255 F2d 123 Utilities Insurance Company v. Ledford C

255 F.2d 123

Ervin LEDFORD, Iris Costner Ledford, James Ivan Evans, alias
Ivan Costner, Boyd Ledford and Marie C. Ball,
Administratrix of the Estate of Rufus
Johnnie Ball, Deceased, Appellees.

No. 13412.

United States Court of Appeals Sixth Circuit.

May 20, 1958.

view counter

J. H. Doughty, Knoxville, Tenn., Hodges & Doughty, Harve M. Duggins, Knoxville, Tenn., on brief, for appellant.


George D. Montgomery, Knoxville, Tenn., Donaldson, Montgomery & Kennerly, Knoxville, Tenn., Edward F. Hurd, Newport, Tenn., on brief, for appellees.


Before SIMONS, Chief Judge, McALLISTER, Circuit Judge, and JONES, District Judge.


JONES, District Judge.


The appellant insured and agreed to defend Ervin Ledford, owner of the car involved in an accident with another car, two of the occupants of which have brought separate actions in the Circuit Court for Cocke County, Tennessee, for personal injuries (in one case alleged to have resulted in death) against Ledford the insured, and Ivan Evans, the driver of his car, alleged in one case to have been his agent, and in both cases alleged to have driven it with Ledford's permission.


In the suit here all the plaintiffs and all the defendants in the two county actions were made parties defendants and relief was asked by way of declaratory judgment in respect of an alleged controversy wholly between citizens of different states. The controversy sought to be adjudicated arose out of a threat by parties plaintiff in the county actions to proceed against the appellant upon judgments, if not satisfied, and demand by defendant Evans in the county cases that appellant defend him in both actions because of the claim in the one case that Evans was Ledford's agent, and in both cases that the car was being driven with Ledford's permission; and, therefore entitled to the coverage of the Ledford policy.


Upon his own motion, after issue joined, the District Judge dismissed this suit on the ground that the issues were fact issues determinative of liability under the provisions of the policy, and that each issue can be settled in the pending state court litigation, relying upon Brillhart v. Excess Ins. Co., 316 U.S. 491, 62 S.Ct. 1173, 86 L.Ed. 1620.

view counter

In our view, the standard for the exercise of the discretion of the trial court whether to entertain an action for declaratory judgment as to rights and liabilities of parties who are also parties to pending state court litigation is the question of whether the issues in the declaratory judgment action can be determined in the state court case. This is true because of the basic axiom that the court which has first acquired jurisdiction of the controversy and of the parties should be permitted to determine all aspects of the controversy without interference from another court.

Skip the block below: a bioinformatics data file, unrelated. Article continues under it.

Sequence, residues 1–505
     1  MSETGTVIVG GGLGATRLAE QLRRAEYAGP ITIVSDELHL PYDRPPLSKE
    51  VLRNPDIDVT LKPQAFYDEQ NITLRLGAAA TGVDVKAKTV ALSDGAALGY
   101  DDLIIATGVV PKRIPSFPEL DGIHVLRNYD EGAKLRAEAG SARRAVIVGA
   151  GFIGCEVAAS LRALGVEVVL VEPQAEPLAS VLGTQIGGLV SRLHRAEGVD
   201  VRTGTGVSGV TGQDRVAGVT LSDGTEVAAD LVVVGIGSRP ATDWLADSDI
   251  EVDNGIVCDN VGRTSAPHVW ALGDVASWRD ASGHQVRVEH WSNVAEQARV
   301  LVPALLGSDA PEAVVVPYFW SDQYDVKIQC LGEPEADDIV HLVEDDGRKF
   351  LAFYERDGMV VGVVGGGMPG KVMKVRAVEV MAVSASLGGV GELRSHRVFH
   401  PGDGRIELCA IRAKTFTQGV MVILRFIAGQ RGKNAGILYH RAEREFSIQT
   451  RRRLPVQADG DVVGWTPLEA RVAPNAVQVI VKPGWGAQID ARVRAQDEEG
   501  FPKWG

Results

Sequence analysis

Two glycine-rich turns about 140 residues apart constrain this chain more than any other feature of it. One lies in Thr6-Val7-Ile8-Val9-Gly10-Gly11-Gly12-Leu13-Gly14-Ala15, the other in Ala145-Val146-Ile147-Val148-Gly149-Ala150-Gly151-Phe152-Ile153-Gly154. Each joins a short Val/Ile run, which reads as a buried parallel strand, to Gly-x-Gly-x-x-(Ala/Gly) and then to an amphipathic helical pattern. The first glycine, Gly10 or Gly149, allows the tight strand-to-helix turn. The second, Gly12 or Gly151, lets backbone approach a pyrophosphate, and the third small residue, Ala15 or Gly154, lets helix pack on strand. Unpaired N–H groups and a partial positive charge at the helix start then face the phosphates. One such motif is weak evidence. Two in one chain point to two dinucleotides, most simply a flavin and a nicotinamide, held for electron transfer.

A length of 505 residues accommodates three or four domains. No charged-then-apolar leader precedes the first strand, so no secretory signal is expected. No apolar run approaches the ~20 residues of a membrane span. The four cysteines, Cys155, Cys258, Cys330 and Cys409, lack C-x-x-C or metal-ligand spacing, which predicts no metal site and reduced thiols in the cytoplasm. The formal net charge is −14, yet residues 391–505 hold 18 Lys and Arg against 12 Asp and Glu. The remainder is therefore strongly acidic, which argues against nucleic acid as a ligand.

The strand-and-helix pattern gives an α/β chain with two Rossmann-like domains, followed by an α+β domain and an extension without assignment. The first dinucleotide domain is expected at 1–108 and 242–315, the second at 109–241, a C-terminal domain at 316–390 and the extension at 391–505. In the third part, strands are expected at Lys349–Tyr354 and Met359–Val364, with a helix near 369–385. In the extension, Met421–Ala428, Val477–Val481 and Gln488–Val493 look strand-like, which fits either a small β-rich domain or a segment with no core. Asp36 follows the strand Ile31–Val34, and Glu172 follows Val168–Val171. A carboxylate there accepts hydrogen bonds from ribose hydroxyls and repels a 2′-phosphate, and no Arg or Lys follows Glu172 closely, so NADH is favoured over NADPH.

Generally, declaratory judgment suits by casualty insurers are brought in the District Court for the purpose of determining whether the insurer shall be required to defend the insured in a state court case. Here there is no such question; there is no controversy between appellant and Ledford, its insured; the appellant is required to defend Ledford in the state actions on any basis of his alleged liability, and as well, to defend Ivan Evans, the driver of Ledford's car who is alleged to have driven the car with Ledford's permission, which, under the policy the appellant was required to do, should such permission be established.


No rights of the appellant will be foreclosed by te trials in the state court actions; its obligation to defend Ledford, and the driver of his car by permission, requires it to assume any fancied embarrassment or disadvantage before a jury by the presence of its counsel in a trial in the state court where others than its insured are parties.


In effect, the present proceeding would result in a transfer of the fact jury questions in the county cases to the District Court for determination without a jury, which, in our view, would be usurping the function of the county court. This, it seems to us, would be extending the use of the declaratory judgment act beyond its purpose.


The fact issue of Evans' permissive use of Ledford's vehicle would be determined at some point in the state court litigation. The only thing the District Court could do if it heard this case would be to determine in advance the fact issues which would appear in the state court actions, if not in the trial, then at the latest in supplementary proceedings in aid of execution.


Accordingly, we think the principles found in Brillhart v. Excess Ins. Co., supra, and relied upon by the trial judge amply support his exercise of judicial discretion in refusing to hear, and in dismissing this matter.


Judgment of the District Court is affirmed.